[Asis-l] SIGVIS workshop: Hands On with the State of the Art

JungWon Yoon jyoon at usf.edu
Thu Sep 8 15:19:49 EDT 2011

SIGVIS will hold an interactive workshop this year in New Orleans.
While the traditional paper-presentation-and-question-period has its
uses, the speakers for last year’s SIGVIS workshop found that their
research and concerns were better presented with a more active,
hands-on approach. We found that with the participation of the
audience in the presentation everyone  benefitted from the time and
effort expended. Some speakers will present their material, then have
an extended period of discussion – not only with questions from the
audience, but with questions for the audience – about what they have
found and their thoughts concerning it. Others will use the audience
to illustrate their points, making them active parts of a dynamic
presentation. Others still will use paper and pencils (and, perhaps,
crayons) to involve the audience in discovering new ways of dealing
with old problems.

In any case, this workshop will not have the audience simply sitting
and listening to the speakers for four or five hours, clapping when
appropriate and asking a few pro forma questions before moving on to
the next speaker. In this workshop, not only will the participant’s
thoughts and opinions be welcomed, they will be sought; the research
and questions to be presented here come from research in progress, so
workshop participants will have the chance to shape and direct the
speaker’s future efforts.

We will begin with a brief introduction of the workshop, explaining
any last-minute changes brought about by either inspiration or
necessity before beginning the presentations proper. Each speaker will
have 45 minutes devoted to their research project. During this time
each speaker will make their presentation (usually five to ten
minutes), then will use the rest of the time to engage the audience.
After the first two speakers, there will be a short coffee break, then
the second set of speakers will begin. We will close with some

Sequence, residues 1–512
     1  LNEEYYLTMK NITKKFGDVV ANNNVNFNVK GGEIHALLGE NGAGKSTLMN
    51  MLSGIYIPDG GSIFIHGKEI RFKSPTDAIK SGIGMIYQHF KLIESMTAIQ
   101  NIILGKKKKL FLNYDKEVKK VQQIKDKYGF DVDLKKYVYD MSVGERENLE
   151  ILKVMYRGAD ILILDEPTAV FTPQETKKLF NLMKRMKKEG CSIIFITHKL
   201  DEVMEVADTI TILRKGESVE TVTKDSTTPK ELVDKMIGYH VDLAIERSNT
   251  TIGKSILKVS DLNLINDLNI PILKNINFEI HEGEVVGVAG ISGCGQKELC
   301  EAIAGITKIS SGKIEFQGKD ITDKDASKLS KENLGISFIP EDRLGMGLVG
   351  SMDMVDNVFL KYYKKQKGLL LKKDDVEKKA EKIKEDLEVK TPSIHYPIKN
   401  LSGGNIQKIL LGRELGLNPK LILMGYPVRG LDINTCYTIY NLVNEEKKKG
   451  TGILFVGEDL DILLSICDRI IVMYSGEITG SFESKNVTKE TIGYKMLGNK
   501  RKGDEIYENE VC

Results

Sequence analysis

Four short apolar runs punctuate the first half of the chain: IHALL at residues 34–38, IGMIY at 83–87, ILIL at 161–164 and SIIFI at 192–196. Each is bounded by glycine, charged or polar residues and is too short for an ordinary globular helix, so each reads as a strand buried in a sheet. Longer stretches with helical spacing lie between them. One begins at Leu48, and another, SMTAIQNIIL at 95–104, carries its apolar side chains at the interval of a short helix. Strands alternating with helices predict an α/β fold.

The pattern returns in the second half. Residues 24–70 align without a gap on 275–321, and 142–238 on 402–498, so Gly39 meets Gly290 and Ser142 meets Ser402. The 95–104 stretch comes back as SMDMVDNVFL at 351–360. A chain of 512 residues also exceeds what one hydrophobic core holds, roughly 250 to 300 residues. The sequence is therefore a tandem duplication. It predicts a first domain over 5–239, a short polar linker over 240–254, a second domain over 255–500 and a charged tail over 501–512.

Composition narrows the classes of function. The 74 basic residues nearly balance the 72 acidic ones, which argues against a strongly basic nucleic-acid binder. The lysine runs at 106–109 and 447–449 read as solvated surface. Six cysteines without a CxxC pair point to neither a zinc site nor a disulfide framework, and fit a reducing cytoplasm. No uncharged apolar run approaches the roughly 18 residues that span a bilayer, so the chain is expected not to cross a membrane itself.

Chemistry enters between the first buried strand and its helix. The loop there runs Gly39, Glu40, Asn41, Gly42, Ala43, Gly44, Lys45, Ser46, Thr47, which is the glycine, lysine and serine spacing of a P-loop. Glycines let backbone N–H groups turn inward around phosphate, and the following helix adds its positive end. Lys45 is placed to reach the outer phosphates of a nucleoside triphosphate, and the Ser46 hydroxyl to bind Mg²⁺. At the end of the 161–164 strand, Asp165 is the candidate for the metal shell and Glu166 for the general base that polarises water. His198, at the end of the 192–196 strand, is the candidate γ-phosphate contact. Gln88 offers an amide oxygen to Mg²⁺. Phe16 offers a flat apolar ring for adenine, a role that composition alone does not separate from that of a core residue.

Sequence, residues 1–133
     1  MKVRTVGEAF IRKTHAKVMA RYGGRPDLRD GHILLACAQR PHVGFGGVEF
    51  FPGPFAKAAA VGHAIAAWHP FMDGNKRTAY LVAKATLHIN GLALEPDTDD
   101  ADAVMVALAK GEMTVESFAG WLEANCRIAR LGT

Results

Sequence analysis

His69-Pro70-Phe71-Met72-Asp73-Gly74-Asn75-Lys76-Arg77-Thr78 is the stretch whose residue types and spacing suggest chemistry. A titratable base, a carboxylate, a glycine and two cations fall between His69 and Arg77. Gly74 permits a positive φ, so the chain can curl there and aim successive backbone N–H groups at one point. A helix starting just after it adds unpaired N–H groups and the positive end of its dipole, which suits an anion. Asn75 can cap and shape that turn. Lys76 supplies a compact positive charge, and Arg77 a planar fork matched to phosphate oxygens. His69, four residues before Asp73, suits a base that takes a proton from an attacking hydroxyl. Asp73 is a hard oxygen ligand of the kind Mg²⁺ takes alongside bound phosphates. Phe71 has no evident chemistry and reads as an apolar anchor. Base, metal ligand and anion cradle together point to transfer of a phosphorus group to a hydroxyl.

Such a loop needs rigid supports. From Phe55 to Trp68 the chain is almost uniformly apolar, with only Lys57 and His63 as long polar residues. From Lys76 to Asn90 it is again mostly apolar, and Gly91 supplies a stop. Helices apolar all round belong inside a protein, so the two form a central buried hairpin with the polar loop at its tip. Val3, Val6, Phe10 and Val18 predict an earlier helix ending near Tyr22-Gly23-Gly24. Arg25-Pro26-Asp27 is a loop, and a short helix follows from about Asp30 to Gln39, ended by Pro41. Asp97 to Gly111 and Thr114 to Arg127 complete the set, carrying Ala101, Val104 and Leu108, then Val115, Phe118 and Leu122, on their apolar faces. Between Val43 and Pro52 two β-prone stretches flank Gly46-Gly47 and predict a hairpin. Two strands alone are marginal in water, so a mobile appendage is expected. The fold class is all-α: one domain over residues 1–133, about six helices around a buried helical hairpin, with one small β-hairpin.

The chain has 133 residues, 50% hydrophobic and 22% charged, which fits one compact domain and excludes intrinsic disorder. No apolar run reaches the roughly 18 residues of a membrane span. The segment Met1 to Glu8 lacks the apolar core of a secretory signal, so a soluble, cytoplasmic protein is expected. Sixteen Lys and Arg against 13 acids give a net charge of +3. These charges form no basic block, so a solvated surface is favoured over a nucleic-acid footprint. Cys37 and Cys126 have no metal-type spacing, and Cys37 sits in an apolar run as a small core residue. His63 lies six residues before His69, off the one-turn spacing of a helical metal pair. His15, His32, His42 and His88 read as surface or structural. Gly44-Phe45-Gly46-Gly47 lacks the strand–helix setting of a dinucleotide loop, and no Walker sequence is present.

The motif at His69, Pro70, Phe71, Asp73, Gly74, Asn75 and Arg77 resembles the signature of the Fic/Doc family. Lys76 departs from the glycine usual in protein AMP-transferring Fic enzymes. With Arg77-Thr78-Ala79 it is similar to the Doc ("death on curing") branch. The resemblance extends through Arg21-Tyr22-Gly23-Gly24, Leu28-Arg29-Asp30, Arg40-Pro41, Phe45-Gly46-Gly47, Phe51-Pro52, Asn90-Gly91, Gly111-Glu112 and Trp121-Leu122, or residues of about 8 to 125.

questions from SIGVIS about what direction future workshops should
take, then close the event.


Dr. Sam Hastings – 3D imaging of Catawba pottery: Lessons learned and
best practices

Sam Hastings will be speaking about 3D image retrieval and her ongoing
project to digitize Catawba pottery and the implications for scholars.
She will be asking for the audience to tag images and will then seek
to discover themes and categories of description.

Dr. Elaine Menard – Back to basics: One Step Back, Two Steps Forward!

Elaine Menard will present her study exploring the behaviors of image
searchers. Firstly, the workshop participants will be asked to
complete the survey used for the experiment. Secondly, results from
the survey aiming to explore the behaviors of images searchers from
four different linguistic communities will be presented. Finally, a
discussion with the audience will take place.

Dr. Joan Beaudoin – Measuring library and information science
students’ visual literacy

Joan Beaudoin will speak about a study which examines the development
of LIS students’ skills in analyzing and describing the visual content
of a series of historical photographs. Workshop attendees will be
asked to assess a discrete set of records using a visual literacy
rubric, and comment upon its evaluative efficacy.

Dr. Andrea Copeland – What sharing images can tell us about
information selection and value estimation processes

Andrea Copeland will discuss a framework for sharing images based on
her research and the research of Joan Beaudoin. Understanding why
individuals are motivated to share information with others will
ultimately contribute to our understanding of information processes
related to information selection and value estimation. Participants
are asked to bring or send in advance via a digital file, 3 images
they have shared with other in any context.

Chris Landbeck – Describing editorial cartoons: When meaning counts

Chris Landbeck will speak about recent research in the description of
editorial cartoons and efforts to discover what aspects of such images
users consider to be important. He will be asking the workshop to
collectively describe a set of cartoons, then to discuss the various
categories of description that emerge.

JungWon Yoon, Ph.D.
Assistant Professor
University of South Florida
School of Information
4202 E. Fowler Ave, CIS 1040
Tampa, FL 33620

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